JSP Tutorial #4 – Java Server Pages Tutorial – Installing Tomcat on MS Windows

In this video, I show you how to install Tomcat on MS Windows.

Please SUBSCRIBE to my YouTube channel.



# Video
1 Introduction
2 JSP Overview
3 Setting up your Development Environment - Overview
4 Installing Tomcat
5 Installing Eclipse
6 Connecting Eclipse to Tomcat
7 JSP Hello World
8 JSP Expressions
9 JSP Scriptlets
10 JSP Declarations
11 Importing Java Classes
12 JSP Built-In Objects
13 Including Files

Do You Need More Details?

  • How to read form data with JSP?
  • How to use cookies and sessions?
  • Develop MVC application with JSP and Servlets?
I have a premium course that shows you how to complete all of these tasks.

Read more about the premium course at http://www.luv2code.com/jsp

Follow luv2code with the links below:

– Website: http://www.luv2code.com
– YouTube: http://goo.gl/EV6Kwv
– Twitter: http://goo.gl/ALMzLG
– Facebook: http://goo.gl/8pDRdA

JSP Tutorial Transcript:

Hey, welcome back. Let’s go ahead and get our hands dirty. In this video I’m going to show you how to install Tomcat on Microsoft Windows.

The first thing we need to do is we need to download Tomcat. In my browser, I’m going to visit tomcat.apache.org. This will take me to the Tomcat website. Over on the left hand side there’s a download section where we can actually download some of the software. At the time of this recording, Tomcat 8 is the most current version, however, there may be a new version, simply download that new version for your operating system.

I’ll select the link for Tomcat 8, I’m on the Tomcat 8 downloads page now. I’ll move down to the section for binary distributions and I’ll choose this 32 bit, 64 bit Windows service installer. This is the normal MSI file. It’ll install Tomcat as a Window service. I’ll go ahead and select this link and right now my browser will start downloading it to my file system.

Great, so now we have it downloaded. Let’s go ahead and open up our Windows Explorer. I’ll move into this downloads folder and there’s the file that was just downloaded, Apache Tomcat 8. That’s the actual installer. Let’s go ahead and run this installer just by double clicking it. This will start the installer. I’ll hit yes and here I’m at the first step of the wizard. I’ll click next. I’ll agree and then here we choose our components. For the components I like to choose full, just so I can get all of the examples and the host manager. Again, a nice thing about this Tomcat installer is that it installs it as a service so I’ll make sure that the service thing is enabled or checked there. I’ll go ahead and hit next.

By default, Tomcat listens on port 80 80, feel free to change that. I like to keep the defaults. Then you can set up an administrator log in. For now, just say admin admin. Again, you can give any user name and password that you want. Then I’ll hit next. I’ll accept the default installation here for my JRE. I’m using Java 8 and that’s fine. I’ll hit next. I’ll also accept the default installation directory. You can feel free to change this but I’ll go ahead and keep the default installation directory for Tomcat. Then I’ll hit install.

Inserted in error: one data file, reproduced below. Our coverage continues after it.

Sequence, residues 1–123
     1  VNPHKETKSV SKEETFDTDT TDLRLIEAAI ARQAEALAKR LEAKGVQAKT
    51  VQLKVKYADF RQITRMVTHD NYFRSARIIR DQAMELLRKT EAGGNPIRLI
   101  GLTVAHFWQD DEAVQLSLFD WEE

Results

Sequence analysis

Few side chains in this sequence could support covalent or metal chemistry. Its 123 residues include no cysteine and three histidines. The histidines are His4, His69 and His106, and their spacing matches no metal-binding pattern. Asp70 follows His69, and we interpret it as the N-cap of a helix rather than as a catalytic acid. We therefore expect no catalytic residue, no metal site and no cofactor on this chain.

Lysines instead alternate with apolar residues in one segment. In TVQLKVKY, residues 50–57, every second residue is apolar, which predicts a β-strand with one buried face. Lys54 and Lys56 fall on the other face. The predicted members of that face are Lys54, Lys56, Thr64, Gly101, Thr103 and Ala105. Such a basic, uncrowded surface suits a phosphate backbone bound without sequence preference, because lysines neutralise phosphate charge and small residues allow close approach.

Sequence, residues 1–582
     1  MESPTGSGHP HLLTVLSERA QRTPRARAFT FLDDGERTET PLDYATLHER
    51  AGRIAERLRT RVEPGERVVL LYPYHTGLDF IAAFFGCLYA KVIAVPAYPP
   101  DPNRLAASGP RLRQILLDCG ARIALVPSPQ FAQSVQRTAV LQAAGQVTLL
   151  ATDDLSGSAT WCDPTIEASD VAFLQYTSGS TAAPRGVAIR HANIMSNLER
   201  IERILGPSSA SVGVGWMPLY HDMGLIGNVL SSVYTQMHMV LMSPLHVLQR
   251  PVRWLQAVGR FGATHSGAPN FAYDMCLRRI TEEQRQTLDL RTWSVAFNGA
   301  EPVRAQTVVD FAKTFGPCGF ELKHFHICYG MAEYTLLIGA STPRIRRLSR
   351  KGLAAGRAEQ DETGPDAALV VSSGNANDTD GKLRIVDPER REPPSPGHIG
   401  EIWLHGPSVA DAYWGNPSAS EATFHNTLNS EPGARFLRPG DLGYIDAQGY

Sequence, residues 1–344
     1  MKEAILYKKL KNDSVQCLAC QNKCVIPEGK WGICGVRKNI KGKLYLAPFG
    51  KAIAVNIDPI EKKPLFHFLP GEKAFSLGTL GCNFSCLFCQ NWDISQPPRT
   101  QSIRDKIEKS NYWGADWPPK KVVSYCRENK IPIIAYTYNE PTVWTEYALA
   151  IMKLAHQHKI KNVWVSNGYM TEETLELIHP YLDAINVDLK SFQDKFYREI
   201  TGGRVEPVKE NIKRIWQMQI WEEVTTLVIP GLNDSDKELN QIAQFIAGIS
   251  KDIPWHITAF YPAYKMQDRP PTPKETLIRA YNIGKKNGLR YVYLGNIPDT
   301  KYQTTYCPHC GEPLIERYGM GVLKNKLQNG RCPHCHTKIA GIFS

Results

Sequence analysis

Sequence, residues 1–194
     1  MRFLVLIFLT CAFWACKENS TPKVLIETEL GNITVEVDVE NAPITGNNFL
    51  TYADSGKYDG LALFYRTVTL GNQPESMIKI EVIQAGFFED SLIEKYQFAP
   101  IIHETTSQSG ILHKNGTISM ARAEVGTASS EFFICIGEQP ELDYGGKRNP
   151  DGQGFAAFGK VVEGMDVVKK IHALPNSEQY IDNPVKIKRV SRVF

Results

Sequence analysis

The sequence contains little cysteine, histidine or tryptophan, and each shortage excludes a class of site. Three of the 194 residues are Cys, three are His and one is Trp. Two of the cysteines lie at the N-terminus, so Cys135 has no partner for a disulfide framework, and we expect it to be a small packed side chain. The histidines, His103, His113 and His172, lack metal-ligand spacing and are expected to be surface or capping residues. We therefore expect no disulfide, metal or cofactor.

At this point, I’m going to go through the process of installing the software. Now it says the software is installed. I’ll turn off the option to show the Read Me. I’ll hit finish and now it’ll actually start Tomcat as a Windows service.

Great, so Tomcat is started. Let’s go ahead and verify our installation. We can verify it by viewing a website localhost8080. That’s where our local Tomcat server is running right now. If everything works out right, it should bring up this page that you see here. It’ll say Apache Tomcat, version 8, then also they even give you a message, if you’re seeing this you’ve successfully installed Tomcat, congratulations. So we know that we’re okay. Tomcat was installed successfully and Tomcat is up and running. Good job so far.

Now I’m going to show you one other thing you can do. You can actually configure Tomcat. You can just right click on the little Tomcat icon in the bottom right and say right click and hit configure. This will bring up the configuration window for Tomcat so you can change the display name for the service, you can change the actual description. At the bottom is shows you the status if it’s running or stopped. You can play around with some logging stuff. A lot of other things you can play around with but for right now, just keep everything as defaults. I’ll just hit cancel right now.

Another nice thing is that you can actually administer Tomcat via the services control panel. I’ll go ahead and click on services here, it’ll bring it up, and we’ll see on the list we have Apache Tomcat 8 that’s listed as a service and it’s currently running. Just like any standard service, you can just right click, you can stop it, pause it, resume it, restart it. You can do all of the normal things you can do with a service.

What I’d like to do now is actually stop Tomcat because we’re going to run it later via Eclipse. I’ll go ahead and stop this service. I’ll do a right click. I’ll hit stop and it will go through the process of stopping the Tomcat server. Right now it’s not running but don’t worry, later on we’ll actually hook up Tomcat and Eclipse to run together. We’ll cover that in one of the following videos.

Now we were successful. We were able to download Tomcat and install it and then also go through the process of verifying our installation. Finally, we went around and took a look at some of the configs and also looked at the services control panel. Good job so far.

Did you like my blog post?

Signup now and receive an email when I publish new luv2code content.

I will never give away, trade or sell your email address. You can unsubscribe at any time.


Leave a Reply